Did you know that there are over three-hundred and fifty (350) breeds of horses recognized in the world today? Many of us only get to meet a few in our equestrian experiences. The Western States Horse Expo and various breed associations from around the country have, over the last twenty years, created a fun opportunity for Attendees to experience some of the more unique breeds of horse in an event known as the Breed Revelation. Attendees will get to see this unique and rare breeds in action in the arena as they demonstrate their athletic ability, trainable minds and diverse natures. Attendees can also stroll through the Breed Revelation barn and meet the horses and the Associations that love, care and promote them. Be sure to take time and experience and interact with these rare and unique breeds during your “Horse Expo Experience” and craft memories that will last a lifetime.

2018 Participating Breeds

Friesian Horse

The Friesian horse is very charismatic.  Their gentle and willing nature provides a strong base for versatile training.  The intelligence of the Friesian  leads to a rewarding partnership between horse and owner.  Uses of the Friesian horse are limitless-dressage, saddle seat, trail, and pleasure riding, jumping, pleasure driving, combined driving, and more!  The handsome appearance and naturally animated motion provide a noble “presence” in any show ring, parade, trail, or just in your own paddock.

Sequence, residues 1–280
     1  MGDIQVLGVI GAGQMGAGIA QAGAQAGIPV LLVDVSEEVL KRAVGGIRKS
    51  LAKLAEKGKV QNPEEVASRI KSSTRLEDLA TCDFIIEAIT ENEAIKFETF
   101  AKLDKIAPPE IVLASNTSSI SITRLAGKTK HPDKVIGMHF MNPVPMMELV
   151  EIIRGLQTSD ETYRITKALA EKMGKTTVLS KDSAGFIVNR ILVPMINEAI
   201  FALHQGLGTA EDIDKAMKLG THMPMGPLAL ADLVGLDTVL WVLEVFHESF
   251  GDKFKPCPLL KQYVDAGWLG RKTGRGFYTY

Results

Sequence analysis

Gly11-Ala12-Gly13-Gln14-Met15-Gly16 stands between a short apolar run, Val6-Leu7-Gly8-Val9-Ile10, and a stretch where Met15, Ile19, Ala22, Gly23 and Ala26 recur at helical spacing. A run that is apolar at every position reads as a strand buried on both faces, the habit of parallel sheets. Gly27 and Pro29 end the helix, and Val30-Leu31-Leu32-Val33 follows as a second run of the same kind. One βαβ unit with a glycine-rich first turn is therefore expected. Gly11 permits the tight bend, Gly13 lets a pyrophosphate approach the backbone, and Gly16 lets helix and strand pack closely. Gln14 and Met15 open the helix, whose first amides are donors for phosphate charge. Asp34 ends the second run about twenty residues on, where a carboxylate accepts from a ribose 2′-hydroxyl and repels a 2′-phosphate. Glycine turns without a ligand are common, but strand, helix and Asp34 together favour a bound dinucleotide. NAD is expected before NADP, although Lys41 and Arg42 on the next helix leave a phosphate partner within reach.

Kiger Mustang 

In life or legend, no other horse is quite like the magnificent Kiger Mesteño Mustang. Their primitive markings and striking dun coloring are extraordinary. Their strength and spirit are outstanding, their versatility unequaled. Descendants of horses introduced to the New World by Spanish Conquistadors, Kiger Mesteños are bold yet willing to please. They are both athletic and extremely intelligent. Add their fine qualities of stamina and sure-footedness and you have an animal that excels in many disciplines, including working equitation, endurance, driving, cow work, and dressage. Breyer Horses and movies such as Disney’s Spirit have been made about the Kiger.

Peruvian Paso

This horse, one of the world’s last remaining naturally gaited breeds, is becoming a sensation among American horse enthusiasts for several very good reasons. There is “something for everyone” in this smooth, elegant animal; riding comfort, strength and stamina for the avid trail rider; calm tractable disposition so important in the family mount; arrogant, flashy presence and action which set the exhibitor and parade rider apart from others, and investment potential solidly supported by its relative rarity and increasing popularity.